NEW DOGHOUSE COLLECTIONS:
Dave Lordan reviews Tommy Frank O'Connor, Mae Leonard & Aidan Hayes
Dave Lordan was born in Derby, England, in 1975, and grew up in Clonakilty in West Cork. In 2004 he was awarded an Arts Council bursary and in 2005 he won the Patrick Kavanagh Award for Poetry. His collections are The Boy in the Ring (Cliffs of Moher, Salmon Poetry, 2007), which won the Strong Award for best first collection by an Irish writer and was shortlisted for the Irish Times poetry prize; and Invitation to a Sacrifice (Salmon Poetry, 2010). Eigse Riada theatre company produced his first play, Jo Bangles, at the Mill Theatre, Dundrum in 2010. He has lived in Holland, Greece and Italy, and now resides in Greystones, Co Wicklow.
Meeting Mona Lisa by Tommy Frank O'Connor
I Shouldn't Be Telling You This by Mae Leonard
Meeting Mona Lisa
Tommy Frank O'Connor
(Doghouse Books, 2011)
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When reviewing I try to be as fair as possible, going out of my way to find something to like, even if the book is not to my personal taste, which is sometimes the case. A book that has made it to publication will usually exhibit some competence or novelty that can be praised. However, being fair also means not giving the book under review an easier ride than any other. Each book must be equally subject to criticism as well as praise. In this way, however subjectively, a reviewer can introduce some notion of aesthetic standards that might be of benefit to everyone involved in the art; we can learn from one another’s mistakes.
The serious self-reflection that stinging criticism might eventually force is surely a greater aid to artistic development than the narcissism that high praise, deserved or not, naturally encourages.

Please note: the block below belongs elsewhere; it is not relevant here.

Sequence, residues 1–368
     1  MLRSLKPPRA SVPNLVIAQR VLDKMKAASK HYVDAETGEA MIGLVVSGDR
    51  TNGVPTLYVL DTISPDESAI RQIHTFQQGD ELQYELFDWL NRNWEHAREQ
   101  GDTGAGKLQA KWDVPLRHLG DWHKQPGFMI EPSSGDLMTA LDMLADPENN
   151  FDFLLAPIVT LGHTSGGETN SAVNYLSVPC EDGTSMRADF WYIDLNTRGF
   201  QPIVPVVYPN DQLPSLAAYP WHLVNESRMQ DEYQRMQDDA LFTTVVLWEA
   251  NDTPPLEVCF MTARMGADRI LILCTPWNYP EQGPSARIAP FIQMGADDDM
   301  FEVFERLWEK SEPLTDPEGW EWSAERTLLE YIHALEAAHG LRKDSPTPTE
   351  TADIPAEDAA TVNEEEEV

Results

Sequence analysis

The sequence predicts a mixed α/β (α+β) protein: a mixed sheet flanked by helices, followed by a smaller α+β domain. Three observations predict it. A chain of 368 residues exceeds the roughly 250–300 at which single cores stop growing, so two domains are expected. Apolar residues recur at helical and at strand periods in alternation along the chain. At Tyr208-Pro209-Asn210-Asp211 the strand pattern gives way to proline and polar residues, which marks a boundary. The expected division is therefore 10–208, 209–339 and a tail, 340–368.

I also try to remember that the most useful and immediate function of a reviewer is to filter for the benefit of potential readers, advising whether or not, out of all the poetry books one could select, they should choose the one under review.
Regretfully then, I admit I can find very little to recommend about Tommy Frank O'Connor’s Meeting Mona Lisa. Much of the collection is close to unreadable. O'Connor often unintentionally and simultaneously loses control of syntax and simile, to poor effect, producing such confusions as:
"Questions/ bounce off customer services/ faces flustered eyes across the counter"
('Weather Permitting', Lines 5-11).
"The territory meant for tenure/ may be found/ in the design of aspiration"
('Promised Land', Lines 15-17).
"Tomorrows revere maternal seed of yesterdays/ that propagate a premium for hereafter"
('Mona Lisa', Lines 24-25).
At best, these can be called lines of accidental surrealism, and the book is replete with them.